Democracy is often hailed as the ‘perfect’ government system. However, in a political system which rests heavily on its questioning nature, it is rather rare that we see questions being put up on the democratic system itself. However, this was not the case with Socrates, what was his criticisms? Read ahead to find out.
Ancient Greece is hailed for two of its prime contribution to the humankind, on being the system of Democracy and the other being Greek Philosophy. While Socrates is regarded as the father of Greek Philosophy, he did not have the same regard towards his civilisation’s other great social invention, Democracy. His problems with democracy are stated in Plato’s ‘Republic of Plato’.
Plato regarded Socrates as a pessimistic person and hence in Book Six of ‘Republic of Plato’. Plato describes Socrates falling in a conversation with an imaginary character, Adiemantus, trying to get him to see the fallacies of democracy. If you were heading out on a journey by sea, asks Socrates, who would you ideally want deciding who was in charge of the vessel? Just anyone or people educated in the rules and demands of seafaring? The latter of course, says Adeimantus, so why then, responds Socrates, do we keep thinking that any old person should be fit to judge who should be a ruler of a country? Thereby Socrates emphasises on the fact that voting is a skill and not an intuition.
He further states that citizens should be taught the ‘art of voting’. According to him, letting citizens vote without any teaching is as catastrophic as letting random people in charge of a ship heading straight into a storm. Another example, given by Socrates, is that of two contesting candidates. wherein one was a doctor while the other was a sweet shop owner. The sweet shop owner in his arguments accuses that the doctor is evil, he gives everyone bitter potions and refrains people from eating everything. While the sweet shop owner himself, says, that he on the contrary never stops anyone from eating anything and moreover gives people delicious sweets. It is not difficult to think that the doctor can’t defeat the sweet shop owner with just the argument that whatever he does is for the benefit of the people itself. And therefore, we see so many sweet shop owners and not doctors in parliaments all over the world.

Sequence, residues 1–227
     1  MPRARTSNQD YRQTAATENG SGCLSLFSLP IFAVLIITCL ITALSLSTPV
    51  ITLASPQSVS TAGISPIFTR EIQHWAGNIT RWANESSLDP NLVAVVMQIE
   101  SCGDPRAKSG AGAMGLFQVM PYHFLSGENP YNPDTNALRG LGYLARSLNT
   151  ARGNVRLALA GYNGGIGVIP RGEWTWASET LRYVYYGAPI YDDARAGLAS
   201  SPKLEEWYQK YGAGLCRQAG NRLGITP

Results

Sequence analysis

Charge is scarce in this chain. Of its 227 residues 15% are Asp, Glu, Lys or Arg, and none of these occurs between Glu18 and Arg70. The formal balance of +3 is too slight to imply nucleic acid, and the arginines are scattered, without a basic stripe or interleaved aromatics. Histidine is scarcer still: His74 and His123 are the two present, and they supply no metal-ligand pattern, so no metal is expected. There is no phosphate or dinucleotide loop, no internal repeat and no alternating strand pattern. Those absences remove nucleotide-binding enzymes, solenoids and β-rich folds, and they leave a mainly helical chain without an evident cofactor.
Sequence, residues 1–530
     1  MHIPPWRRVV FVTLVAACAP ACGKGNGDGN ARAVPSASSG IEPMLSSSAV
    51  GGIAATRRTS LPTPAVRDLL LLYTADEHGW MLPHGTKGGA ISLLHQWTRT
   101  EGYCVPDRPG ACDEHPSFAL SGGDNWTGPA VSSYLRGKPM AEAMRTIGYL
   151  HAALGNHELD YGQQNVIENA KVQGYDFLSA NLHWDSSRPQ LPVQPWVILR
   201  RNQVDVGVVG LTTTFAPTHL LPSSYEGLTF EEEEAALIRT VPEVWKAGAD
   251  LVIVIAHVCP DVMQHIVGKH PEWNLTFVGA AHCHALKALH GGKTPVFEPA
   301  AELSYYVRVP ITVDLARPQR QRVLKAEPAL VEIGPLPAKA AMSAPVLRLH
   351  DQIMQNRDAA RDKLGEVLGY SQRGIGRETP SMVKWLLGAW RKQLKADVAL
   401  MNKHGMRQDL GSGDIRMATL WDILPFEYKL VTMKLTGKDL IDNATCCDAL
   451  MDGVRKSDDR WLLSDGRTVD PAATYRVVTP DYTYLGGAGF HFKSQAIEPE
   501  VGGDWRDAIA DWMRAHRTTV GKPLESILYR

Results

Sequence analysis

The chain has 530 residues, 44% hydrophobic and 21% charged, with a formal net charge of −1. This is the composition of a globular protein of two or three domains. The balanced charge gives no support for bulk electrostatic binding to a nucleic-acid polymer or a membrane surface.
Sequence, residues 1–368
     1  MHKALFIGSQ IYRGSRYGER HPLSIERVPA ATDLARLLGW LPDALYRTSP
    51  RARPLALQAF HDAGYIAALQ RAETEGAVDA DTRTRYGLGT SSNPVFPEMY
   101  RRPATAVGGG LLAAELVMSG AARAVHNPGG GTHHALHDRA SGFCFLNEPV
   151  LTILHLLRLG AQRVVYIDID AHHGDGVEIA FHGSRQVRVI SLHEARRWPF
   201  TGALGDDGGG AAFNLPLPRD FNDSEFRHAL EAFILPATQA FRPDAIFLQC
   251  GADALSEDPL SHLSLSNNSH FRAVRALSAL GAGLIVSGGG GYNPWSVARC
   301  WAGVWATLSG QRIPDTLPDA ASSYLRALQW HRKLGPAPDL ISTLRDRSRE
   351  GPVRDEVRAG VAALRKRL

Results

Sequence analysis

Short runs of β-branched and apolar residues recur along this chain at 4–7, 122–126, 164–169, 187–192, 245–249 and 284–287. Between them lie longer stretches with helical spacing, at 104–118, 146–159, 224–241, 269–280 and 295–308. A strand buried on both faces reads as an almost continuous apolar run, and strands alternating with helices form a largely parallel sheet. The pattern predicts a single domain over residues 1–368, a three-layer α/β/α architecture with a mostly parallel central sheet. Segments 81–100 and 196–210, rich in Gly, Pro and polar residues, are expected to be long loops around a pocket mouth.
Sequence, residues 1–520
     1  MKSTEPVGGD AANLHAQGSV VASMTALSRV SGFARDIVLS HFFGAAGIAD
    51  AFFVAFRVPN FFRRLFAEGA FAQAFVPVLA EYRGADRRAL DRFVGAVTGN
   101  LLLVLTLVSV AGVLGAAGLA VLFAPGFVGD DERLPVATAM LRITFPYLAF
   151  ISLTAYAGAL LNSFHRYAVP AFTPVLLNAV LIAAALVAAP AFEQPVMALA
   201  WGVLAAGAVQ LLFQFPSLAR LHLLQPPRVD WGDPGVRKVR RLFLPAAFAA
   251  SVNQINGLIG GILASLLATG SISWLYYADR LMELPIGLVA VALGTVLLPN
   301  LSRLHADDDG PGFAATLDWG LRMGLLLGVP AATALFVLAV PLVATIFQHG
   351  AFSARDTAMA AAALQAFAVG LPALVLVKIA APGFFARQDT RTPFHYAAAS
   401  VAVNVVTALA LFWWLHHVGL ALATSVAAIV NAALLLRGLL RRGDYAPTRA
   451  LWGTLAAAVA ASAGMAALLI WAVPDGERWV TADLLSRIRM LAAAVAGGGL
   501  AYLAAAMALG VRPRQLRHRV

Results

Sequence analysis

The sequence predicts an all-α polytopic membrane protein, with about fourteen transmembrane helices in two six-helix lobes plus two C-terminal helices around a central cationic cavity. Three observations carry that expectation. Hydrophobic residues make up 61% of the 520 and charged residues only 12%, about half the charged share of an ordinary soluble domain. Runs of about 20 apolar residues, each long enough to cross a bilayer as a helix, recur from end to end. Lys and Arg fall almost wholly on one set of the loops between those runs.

Socrates never attacked on the ideals of democracy, however, he had problems with the system which we today know as Universal Adult Franchise. Moreover, Socrates advocated for the democracy which we today know as ‘intellectual’ democracy rather than democracy ‘by birth’. He warned us that this indiscriminate granting of voting rights to people without proper education would lead to Demagoguery or the practice to getting votes by appealing to the desires and prejudices of the voters rather than using rational arguments. We can clearly see today, as to why Socrates was concerned for democracy.
Taking the example of India itself, we as voters have been swayed by political parties for a long time by issues that only appealed to our prejudices and not to our needs. Be it reservation or agricultural loan waivers, political parties often use these issues to gain votes. On the other hand, the public also has become so familiar with this form of appeasement that elections are used as pressure points on various parties by the people wanting to get their job done.
Moreover, the voters also vote for leaders who provide short term lucrative solutions rather than the ones who implement long term measures. It is this political illiteracy because of which our parliament houses a total 43% Ministers of Parliament (MPs) with a criminal background. Be it the Indian National Congress MP from Idukki, Dean Kuriakose who has over 204 criminal charges like homicide, robbery, etc. or Bhartiya Janata Party’s MP Pragya Singh Thakur who is the prime suspect of Malegaon Serial Blasts or Bahujan Samaj Party’s MP Atul Singh who has charges of murder on him.
Faizan Salik, a student of Jamia Milia Islamia, said, “In my opinion, teaching fundamental rights and duties of Liberal Democracy at primary level doesn’t help, as most just study it for the sake of studying they fail to understand things, which is really problematic, teaching of essential politics is as essential as basic banking, else wise things can go in dungeon”.
An alumna of Delhi University, Mrinalika Chauhan, said, “We as voters have to understand that it is not in our favour to vote for leaders who aren’t rational enough. Yes, it will take time but we have start at the grassroots level. Each and every person in India is interested in politics, whatever their leaning maybe. What needs to be changed is that people vote based on their understanding of politics, instead of sticking to their traditional party.”
The question which arises is that whether we can change this setting or not? And here also it is Socrates’s thoughts which can help us, “Struggle is like a steep hill which looks just impossible to scale at once but when you reach the top, you don’t think about the climb but the triumph.”
Featured Image Credits: Flickr
Aniket Singh Chauhan [email protected]
Comments are closed.